The moral of the story is that Canadian citizens are free to seek out and invest in tax havens in other parts of the world, not pay taxes on their capital gains, on the interest they get on this money, and the worst that happens to them is that they can simply walk into the nearest Canada Revenue Agency office and make a voluntary declaration. It is called an amnesty. If they do that, they do not even get a slap on the wrist. They simply pay the taxes and I suppose they are told to behave themselves in the future. If they do not voluntarily declare, they would be in trouble if they get caught, which is why so many of them have been voluntarily declaring.
This is an example of one little guy, one worker in a bank, stealing a tape for whatever reason and selling it to the government and essentially setting off a firestorm of activity. I believe there are also movements afoot now under the Obama administration, predicated more on the terrorism issue than the whole idea of trying to collect taxes from tax evaders. The reason the Americans are putting pressure on the Swiss banking system and other banks that hide information and keep it private is that they want to uncover moneys that are being stored in these facilities by terrorists. That is the motivation.
However, the Americans were happy to avoid doing that all these years. The Swiss system got rich over the years by taking money from drug cartels, arms dealers and all sorts of unsavoury organizations and people. In fact, drugs dealers and arms dealers who put millions and probably billions of dollars into Swiss banks over the years in many cases were actually getting zero interest on their money. That is the explanation why Swiss banks are able to lend out the money. Back in 1987 when Canada's interest rates were in the 18% range and we could buy GICs at the Royal Bank, or treasury bills, at 18% or 20% for a month, we could get money from Switzerland for 6% from Swiss banks.
I am told that many of the people involved in dirty money essentially put that money there and expect nothing. They are just happy to have the money protected and to have the veil of secrecy and privacy at their disposal.
They will put millions and millions of dollars in a Swiss bank with no interest, none whatsoever. Of course that is why the bank can turn around and lend it out at low rates.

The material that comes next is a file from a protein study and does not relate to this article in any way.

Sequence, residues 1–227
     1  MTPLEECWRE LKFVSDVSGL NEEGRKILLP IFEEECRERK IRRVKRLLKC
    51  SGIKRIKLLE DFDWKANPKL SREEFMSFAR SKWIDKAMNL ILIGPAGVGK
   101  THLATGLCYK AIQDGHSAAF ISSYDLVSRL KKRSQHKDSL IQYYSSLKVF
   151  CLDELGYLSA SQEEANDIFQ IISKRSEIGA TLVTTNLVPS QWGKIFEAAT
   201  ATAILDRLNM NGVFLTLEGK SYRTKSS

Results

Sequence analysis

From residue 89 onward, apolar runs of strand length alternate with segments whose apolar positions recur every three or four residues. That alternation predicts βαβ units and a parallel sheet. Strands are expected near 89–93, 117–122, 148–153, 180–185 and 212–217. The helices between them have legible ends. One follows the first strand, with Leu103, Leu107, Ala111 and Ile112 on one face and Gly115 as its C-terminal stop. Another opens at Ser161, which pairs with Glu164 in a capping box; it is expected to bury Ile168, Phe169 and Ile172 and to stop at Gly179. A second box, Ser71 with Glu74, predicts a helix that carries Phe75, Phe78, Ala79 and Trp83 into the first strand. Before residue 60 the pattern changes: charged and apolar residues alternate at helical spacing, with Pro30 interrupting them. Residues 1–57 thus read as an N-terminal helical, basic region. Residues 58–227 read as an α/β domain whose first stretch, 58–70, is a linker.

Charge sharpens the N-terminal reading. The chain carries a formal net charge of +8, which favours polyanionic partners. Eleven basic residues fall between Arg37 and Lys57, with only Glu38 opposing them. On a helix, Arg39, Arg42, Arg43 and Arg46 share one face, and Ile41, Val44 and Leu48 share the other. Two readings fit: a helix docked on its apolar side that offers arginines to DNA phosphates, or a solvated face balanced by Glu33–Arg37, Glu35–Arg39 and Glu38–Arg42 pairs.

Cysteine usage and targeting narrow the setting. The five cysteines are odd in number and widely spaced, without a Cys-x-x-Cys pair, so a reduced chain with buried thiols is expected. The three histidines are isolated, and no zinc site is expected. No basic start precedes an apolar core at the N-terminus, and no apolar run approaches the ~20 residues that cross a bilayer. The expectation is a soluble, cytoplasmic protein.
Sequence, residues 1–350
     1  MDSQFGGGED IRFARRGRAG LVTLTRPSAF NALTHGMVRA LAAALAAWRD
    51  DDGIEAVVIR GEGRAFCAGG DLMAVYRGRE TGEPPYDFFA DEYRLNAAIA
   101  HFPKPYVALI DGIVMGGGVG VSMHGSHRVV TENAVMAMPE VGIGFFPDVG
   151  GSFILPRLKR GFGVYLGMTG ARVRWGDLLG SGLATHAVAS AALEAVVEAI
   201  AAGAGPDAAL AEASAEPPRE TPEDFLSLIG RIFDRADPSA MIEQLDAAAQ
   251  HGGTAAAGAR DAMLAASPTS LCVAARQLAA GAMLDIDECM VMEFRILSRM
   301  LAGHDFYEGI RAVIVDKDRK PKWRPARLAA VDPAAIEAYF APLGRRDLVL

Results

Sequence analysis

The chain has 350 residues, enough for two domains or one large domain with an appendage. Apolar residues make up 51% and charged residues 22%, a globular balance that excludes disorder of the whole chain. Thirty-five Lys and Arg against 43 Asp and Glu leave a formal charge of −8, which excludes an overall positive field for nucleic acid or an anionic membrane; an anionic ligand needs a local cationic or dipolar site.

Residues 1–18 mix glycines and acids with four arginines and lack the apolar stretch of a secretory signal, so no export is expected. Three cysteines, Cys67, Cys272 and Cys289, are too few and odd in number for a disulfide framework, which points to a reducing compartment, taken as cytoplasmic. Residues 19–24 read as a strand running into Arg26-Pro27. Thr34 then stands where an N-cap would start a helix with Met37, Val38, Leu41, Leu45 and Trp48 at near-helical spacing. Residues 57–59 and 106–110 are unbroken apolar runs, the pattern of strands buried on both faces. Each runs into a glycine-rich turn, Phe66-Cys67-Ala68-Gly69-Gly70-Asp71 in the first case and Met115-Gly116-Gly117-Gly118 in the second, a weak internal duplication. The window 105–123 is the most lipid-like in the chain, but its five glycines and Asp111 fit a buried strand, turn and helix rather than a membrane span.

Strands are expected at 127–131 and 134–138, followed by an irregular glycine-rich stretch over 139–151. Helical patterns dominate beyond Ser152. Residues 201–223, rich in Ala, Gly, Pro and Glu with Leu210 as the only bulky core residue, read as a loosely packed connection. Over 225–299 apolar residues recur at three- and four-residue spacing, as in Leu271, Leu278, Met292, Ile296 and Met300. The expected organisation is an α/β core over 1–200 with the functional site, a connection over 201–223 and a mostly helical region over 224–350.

This system lasted for many years but it is about time we, as a group of countries, started to crack down on people who try to avoid paying taxes.
I turned on CPAC last night and saw Mr. Snowdy talking about Rahim Jaffer, former MP, and how he was alleged to be setting up accounts in a bank in Belize. Belize is not on our list of countries that have treaties like this, but the question I would have is this. Are people like that, who are trying to plan out their careers in tax evasion, looking at our list? Are they looking at the list of countries where we have these tax treaties and trying to avoid the tax treaties?
Of the 80-plus countries we have on the list, where we have tax treaties, we have Algeria, Argentina, Armenia, Australia, Austria and then we have Barbados. I looked through the list of countries and I do not see any that come across as tax shelters until I get to Barbados under the Bs.
There we have a case where we have one of these tax treaties in place. We had the Bloc critic speaking this morning, and by the way he apologized for Lichtenstein. He and I checked it because it was not on my list. He admitted that it in fact is not on the list.
He explained in very good detail about the tax haven situation with regard to Barbados, I believe. He was explaining that the OECD has a tool to detect tax havens. He said there are four criteria that it uses to be able to tell whether a country is a tax haven: the taxes of a country were either low or zero, there was no transparency, there were no filings to be made, there was no due diligence and there was no economic activity. I believe he was describing a situation where we had an increase in Canadian investment in Bermuda, Barbados and the Cayman Islands from $30 billion up to $90 billion, and these are countries where we do not have these tax agreements.